Posted by: Melany | August 27, 2009

The Value of Using Different Voices

Literary journalism is a non-linear style of writing. It goes beyond the traditional style of writing and allows the writer an opportunity to meander through different thoughts and accept a ‘meditative’ style of writing. As one idea develops, often other ideas will flow through. Literary journalism allows the exploration of these ‘tangent’ ideas.

In traditional writing the narrator becomes the ‘eye-of-God’. He or she stands back and is detached from the piece. To the audience it reads like they are watching a movie – the uninvolved fourth wall.

Literary journalism, however, offers an arena for the use of various different voices. Some more personally involved in the story than others. These little bits of information are crafted into a complete tapestry that appears flawless from a distance, yet involves many different techniques and styles to complete. This is done through the use of various ‘voices’ in the story. As the voice changes, the tone of the story also changes. Ideally, these changes in voice will be seamless and not appear clunky to the reader. It should appear like a natural progression and a narrative tool to guide the reader through the story.

To experiment with different voices and to distinguish the different voices within a literary journalism article the class split into groups. The group I was in read through “A Boy’s Life: For Matthew Shepard’s killers, what does it take to pass as a man?” by JoAnn Wypijewski.  We decided to read through the first few pages and determine which different voices we could pick out.

In this story we identified a number of different ‘voices’.

  • The ‘separate’ voice of the dominatrix whose quote starts the story. She is reflective and is commenting on the story with little to no personal involvement.

“When I think of how fragile men are,” a dominatrix once said to me, “I feel so much pity. All that fear, all that self-mutilation, just to be ‘men.’ When I heard that those guys in Laramie took Matthew Shepard’s shoes, I was so creeped out. I mean, shoes are so symbolic- ‘walk a mile in my shoes’ and all that. Why did they take his shoes?””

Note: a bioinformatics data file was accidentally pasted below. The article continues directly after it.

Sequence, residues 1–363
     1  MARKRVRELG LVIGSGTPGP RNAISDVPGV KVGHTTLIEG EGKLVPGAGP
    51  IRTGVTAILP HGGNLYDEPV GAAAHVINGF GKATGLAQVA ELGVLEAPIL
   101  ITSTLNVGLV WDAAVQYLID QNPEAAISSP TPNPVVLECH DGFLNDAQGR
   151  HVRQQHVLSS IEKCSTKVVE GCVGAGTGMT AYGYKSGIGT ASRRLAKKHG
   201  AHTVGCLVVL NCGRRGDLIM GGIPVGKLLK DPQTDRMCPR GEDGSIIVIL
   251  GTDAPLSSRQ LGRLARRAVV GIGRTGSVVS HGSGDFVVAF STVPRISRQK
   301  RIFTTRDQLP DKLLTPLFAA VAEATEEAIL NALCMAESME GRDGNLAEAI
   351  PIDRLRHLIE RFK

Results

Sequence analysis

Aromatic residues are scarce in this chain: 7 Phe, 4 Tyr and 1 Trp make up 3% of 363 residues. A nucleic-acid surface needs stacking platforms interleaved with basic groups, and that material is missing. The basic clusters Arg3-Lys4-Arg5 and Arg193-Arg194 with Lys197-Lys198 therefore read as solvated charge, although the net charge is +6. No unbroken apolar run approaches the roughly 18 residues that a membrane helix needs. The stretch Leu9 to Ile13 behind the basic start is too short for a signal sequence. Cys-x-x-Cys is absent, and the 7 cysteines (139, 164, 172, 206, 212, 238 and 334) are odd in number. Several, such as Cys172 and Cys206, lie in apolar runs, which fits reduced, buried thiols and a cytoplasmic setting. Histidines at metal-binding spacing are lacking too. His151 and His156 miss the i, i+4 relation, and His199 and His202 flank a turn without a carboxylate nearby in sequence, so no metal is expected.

• The current affairs news reporter. Certain facts have been included and they are told in a sensationalised manner, however attempting to appear objective. This was similar to that of A Current Affair type report.

“Matthew Shepard… lured out of a bar by two “rednecks”, hijacked to a lonely spot outside of town, strung up like a scarecrow on a buck fence, bludgeoned beyond recognition, and left to die without his shoes, his ring, his wallet, or the $20 inside it.”

  • The narrative voice that uses observation and breaths life into the story. This is the almost ‘meditative’ element.

“Shepard was murdered, in a field of prairie grass and sagebrush within eyeshot of suburban houses, a cross had been laid out in pink limestone rocks. In crotches of the killing fence, two stones have been placed; one beard the word “love”; the other, “forgive”.”

  • The voice of the media-cynic. This voice reminded us of Media Watch. It presented the facts of the story without the hype used by current affairs media.

“What is known, though somehow elided, is that in the most literal definition of the word, Matthew Shepard was not crucified. His hands were not outstretched, as has been suggested by all manner of media since October 7, 1998, when the twenty-one-year-old University of Wyoming student was discovered near death, but rather tied behind him as if in handcuffs, lashed to a pole four inches off the ground. His head propped on the lower fence rail, his legs extending out to the east, he was lying almost flat on his back when Deputy Reggie Fluty of the Albany County Sheriff’s Department found him at 6:22P.M., eighteen hours, it’s believed, after he was assaulted… by eighteen blows from a three-pound Smith & Wesson.”

  • The final voice is that of the locals. Wypijewski has included quotes from her interviews with the locals and determined that their whole way of life, their way of speaking is contrary to the other voices used in the story – and also contrary to the speech pattern of Shepard, who was being college educated.